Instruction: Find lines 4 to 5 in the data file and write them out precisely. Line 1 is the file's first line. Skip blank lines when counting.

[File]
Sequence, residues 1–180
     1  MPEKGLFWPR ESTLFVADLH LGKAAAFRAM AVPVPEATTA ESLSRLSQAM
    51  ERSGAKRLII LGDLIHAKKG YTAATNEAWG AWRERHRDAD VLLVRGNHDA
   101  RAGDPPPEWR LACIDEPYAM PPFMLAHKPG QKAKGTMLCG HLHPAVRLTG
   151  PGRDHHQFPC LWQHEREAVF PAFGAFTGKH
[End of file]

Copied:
   101  RAGDPPPEWR LACIDEPYAM PPFMLAHKPG QKAKGTMLCG HLHPAVRLTG
   151  PGRDHHQFPC LWQHEREAVF PAFGAFTGKH